This is poetry which mixes high art with a more immediate 'streetwise' humour, which combines an inner monologue (the title of this selection is ImaginaryLovePoems) with a more social concern, critiquing the 'here and now' with an eye to what the future might or could be. There's a sense of argument - between lovers - which is a main theme of the collection, unsurprisingly projected from the female viewpoint, which mixes a slangy, colloquial diction with a more formal form of rhetoric and where this comes off the effect is dazzling - 'Give me that sunset over spaghetti / all yr syllogisms - I want / every part in my mouth' (from 'Dinner's Up!).  In 'Don't be Afraid The Bright New Day' she takes risks which sometimes come off and even where they don't (this is obviously arguable) the effort seems worthwhile. The opening pun made me smile and then you're swept away into the body of the text which crackles with its mixed language and speed of thought process:

    
     Tell me about architecture & arch
     Humour; the exterior sweeping for thirst &
     We who are in love thirst for this place &
     All it stands for. Tell me a song
     Of trees & by extension pray
     Of the heavenly kingdom to build
     Among men. Tell me that's your -
     Wait a scorched earth policy -
     What utter fire, what a fucking
     Cunt! Tell it me softly
     Softly like a bright deep
     Concern for future growth & all
     Its true manifest.   ...
                    (from 'Don't Be Afraid The Bright New Day')

Critchley's poetry seems to be forming a bridge between an academic, scholarly tradition of English poetry - utilising its formal devices and archaic echoes - with a more modern, upbeat idiom, influenced, no doubt, by her exposure to twentieth century American poetry. There are times when this feels a bit awkward - at least to me - even when the writing feels 'most sure of itself', but her experimentation and refusal to toe the traditional party line is refreshing and blatant. It will be interesting to see where her work goes from here.


Voiceover is a collaboration between poets Rupert Loydell and Paul Sutton and it's a very enjoyable read indeed. I've never managed a successful collaboration, outside of multi-montage, that is, and reading between the lines here, one of the first things I inevitably wanted to know was who contributed what. I've got some some pretty firm ideas about certain passages and a degree of 'attitude' often comes through in what I take to be Paul Sutton's writing but whatever the agreed procedures I feel this is a joint project that definitely works.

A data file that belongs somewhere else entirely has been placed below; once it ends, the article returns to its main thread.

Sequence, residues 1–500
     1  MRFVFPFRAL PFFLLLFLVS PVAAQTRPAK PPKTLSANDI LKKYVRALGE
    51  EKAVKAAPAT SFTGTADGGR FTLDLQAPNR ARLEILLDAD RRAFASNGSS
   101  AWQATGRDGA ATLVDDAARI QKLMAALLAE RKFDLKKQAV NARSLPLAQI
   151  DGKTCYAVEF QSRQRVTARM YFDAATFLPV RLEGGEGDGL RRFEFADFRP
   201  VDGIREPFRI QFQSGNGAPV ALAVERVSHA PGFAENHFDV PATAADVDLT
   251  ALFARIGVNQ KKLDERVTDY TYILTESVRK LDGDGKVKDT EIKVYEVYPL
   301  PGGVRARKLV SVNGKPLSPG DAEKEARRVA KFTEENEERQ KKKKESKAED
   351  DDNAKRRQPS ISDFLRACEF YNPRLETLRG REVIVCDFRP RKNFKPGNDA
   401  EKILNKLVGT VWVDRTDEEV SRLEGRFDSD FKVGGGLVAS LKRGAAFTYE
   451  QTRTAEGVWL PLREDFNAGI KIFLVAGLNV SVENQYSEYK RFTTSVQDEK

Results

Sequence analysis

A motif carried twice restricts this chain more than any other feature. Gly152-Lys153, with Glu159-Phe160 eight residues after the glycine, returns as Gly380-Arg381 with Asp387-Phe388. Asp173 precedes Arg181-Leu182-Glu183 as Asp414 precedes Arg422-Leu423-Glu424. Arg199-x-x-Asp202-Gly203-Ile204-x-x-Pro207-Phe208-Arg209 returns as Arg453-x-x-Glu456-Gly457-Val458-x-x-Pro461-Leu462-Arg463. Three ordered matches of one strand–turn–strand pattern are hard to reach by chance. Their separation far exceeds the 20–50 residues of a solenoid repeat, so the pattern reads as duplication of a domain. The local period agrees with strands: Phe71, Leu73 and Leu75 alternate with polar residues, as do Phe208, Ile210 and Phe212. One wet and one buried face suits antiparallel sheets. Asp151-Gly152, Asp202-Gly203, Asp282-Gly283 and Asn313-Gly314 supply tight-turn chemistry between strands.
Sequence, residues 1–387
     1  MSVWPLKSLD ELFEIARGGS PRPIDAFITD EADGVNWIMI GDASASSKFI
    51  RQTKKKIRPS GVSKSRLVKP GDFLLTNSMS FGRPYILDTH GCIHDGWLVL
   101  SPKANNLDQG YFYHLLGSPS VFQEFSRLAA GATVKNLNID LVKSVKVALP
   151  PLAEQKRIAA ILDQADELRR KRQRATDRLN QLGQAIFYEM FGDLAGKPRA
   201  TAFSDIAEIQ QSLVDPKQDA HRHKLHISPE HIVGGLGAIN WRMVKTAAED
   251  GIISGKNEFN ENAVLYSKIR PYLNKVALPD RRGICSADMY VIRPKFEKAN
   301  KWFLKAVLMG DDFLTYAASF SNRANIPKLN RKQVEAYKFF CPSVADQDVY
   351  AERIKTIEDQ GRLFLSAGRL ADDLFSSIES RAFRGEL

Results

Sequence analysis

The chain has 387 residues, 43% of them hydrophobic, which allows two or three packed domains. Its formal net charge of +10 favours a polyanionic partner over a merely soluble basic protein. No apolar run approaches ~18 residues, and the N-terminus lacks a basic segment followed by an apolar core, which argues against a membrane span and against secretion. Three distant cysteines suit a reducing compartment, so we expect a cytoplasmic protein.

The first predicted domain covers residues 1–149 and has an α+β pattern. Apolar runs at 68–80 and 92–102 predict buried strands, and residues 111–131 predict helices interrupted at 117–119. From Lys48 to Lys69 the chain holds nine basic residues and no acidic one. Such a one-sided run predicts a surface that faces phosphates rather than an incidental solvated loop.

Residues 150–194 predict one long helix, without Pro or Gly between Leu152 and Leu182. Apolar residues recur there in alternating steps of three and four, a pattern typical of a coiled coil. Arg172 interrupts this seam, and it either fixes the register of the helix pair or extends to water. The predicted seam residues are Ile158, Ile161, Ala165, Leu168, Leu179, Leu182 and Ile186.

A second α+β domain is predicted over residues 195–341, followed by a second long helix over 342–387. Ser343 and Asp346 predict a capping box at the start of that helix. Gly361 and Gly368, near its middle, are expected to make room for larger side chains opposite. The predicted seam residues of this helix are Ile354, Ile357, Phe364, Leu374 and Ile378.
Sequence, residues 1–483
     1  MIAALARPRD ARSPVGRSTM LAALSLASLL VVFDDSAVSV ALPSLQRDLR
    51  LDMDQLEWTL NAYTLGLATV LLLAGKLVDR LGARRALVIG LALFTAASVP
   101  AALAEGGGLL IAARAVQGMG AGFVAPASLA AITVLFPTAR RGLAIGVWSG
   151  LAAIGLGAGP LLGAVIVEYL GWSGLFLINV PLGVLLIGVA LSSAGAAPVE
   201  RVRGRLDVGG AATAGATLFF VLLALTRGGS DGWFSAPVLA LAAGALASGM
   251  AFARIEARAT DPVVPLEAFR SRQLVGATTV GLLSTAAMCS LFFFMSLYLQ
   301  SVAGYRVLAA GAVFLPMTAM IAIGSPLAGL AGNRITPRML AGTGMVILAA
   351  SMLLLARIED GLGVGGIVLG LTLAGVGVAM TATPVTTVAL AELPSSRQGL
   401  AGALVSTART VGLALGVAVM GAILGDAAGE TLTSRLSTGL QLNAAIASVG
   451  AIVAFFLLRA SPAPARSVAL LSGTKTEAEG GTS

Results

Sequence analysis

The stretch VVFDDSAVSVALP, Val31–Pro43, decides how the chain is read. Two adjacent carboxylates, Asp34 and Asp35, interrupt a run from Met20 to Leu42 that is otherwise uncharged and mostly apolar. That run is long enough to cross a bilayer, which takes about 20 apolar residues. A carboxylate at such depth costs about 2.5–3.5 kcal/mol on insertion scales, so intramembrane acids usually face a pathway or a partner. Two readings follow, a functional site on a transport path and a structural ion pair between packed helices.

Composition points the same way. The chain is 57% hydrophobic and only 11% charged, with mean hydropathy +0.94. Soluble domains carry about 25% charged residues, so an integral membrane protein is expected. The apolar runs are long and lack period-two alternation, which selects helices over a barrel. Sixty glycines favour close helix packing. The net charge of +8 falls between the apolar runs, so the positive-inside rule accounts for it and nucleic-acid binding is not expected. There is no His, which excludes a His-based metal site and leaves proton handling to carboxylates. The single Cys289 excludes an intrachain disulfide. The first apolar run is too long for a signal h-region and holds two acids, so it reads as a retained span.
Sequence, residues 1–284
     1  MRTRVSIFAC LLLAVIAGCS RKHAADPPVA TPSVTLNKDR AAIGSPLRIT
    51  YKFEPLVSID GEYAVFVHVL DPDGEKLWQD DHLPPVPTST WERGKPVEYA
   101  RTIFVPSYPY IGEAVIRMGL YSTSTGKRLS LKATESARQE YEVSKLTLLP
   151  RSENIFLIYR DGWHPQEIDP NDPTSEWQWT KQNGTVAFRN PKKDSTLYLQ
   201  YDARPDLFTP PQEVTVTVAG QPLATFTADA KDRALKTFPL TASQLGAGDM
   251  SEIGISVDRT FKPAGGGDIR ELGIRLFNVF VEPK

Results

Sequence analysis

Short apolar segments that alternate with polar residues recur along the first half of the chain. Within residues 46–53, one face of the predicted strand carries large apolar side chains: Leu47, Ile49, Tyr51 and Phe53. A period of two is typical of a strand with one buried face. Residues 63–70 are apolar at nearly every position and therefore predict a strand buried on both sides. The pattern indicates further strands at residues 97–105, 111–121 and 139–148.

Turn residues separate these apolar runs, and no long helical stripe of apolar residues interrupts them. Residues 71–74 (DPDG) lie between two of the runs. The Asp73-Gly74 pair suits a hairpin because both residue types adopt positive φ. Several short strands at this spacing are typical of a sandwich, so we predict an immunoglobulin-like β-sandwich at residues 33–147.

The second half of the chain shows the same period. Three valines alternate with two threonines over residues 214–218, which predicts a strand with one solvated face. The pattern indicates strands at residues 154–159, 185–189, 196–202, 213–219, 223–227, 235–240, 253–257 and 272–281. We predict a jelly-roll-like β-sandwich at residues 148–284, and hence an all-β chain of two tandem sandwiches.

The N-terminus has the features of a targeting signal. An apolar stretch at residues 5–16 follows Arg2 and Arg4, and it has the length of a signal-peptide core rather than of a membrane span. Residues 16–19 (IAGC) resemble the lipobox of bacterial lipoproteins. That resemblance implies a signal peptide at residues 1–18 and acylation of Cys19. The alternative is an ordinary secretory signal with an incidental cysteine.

The key themes are cities and rivers, I guess and what we have here presents as a kind of 'stream of consciousness' flow which is interrupted, disrupted, repeated and reprised. There are twenty-four untitled poems, each poem taking no more than a page, although I imagine you could also read this as a continuous text. No obvious hint as to 'authorship' is given. There's an energetic thrust to much of this writing, as exemplified, perhaps in this passage from page 7:

     Only the railway to escape by! Always a woman in a large hat,
     snivelling into violets. I threw smelling salts over the bitch and
     explained lurking youths - which would she prefer? Doubtless
     Holmes was there (perhaps it was him in disguise) but I tire of the fin-
     de-siecle details and only see brown.

References to fiction are commonplace here and there's a constant sense of movement, allied to travel and aided by a conspiratorial sense of an undercover agent working in the 'glory days' of the British Empire, possibly! One of the joys of reading this work is to do with the way the reader is encouraged to fill in the gaps and produce his or her own narratives. There's a surreal, absurd, nightmare quality to a lot of this writing as well - I'm reminded of the threatening subversion of Ernst's montaged engravings - which is also very cinematic:

     Nothing is more difficult than outrunning an anorexic. Tasteless, but I
     was chased - she seemed desperate for food. A greyhound gait,
     loping, her complexities running ahead of her. 'I've already eaten,' I
     screamed - it had little effect. Now she hides in our walk-in wardrobe.
                    (page 23)

I could go on in similar vein but instead I'd urge readers to get hold of a copy of this easily manageable text and enjoy the ride. I really liked Bruce Bitmead's cover painting too.

      Steve Spence 2013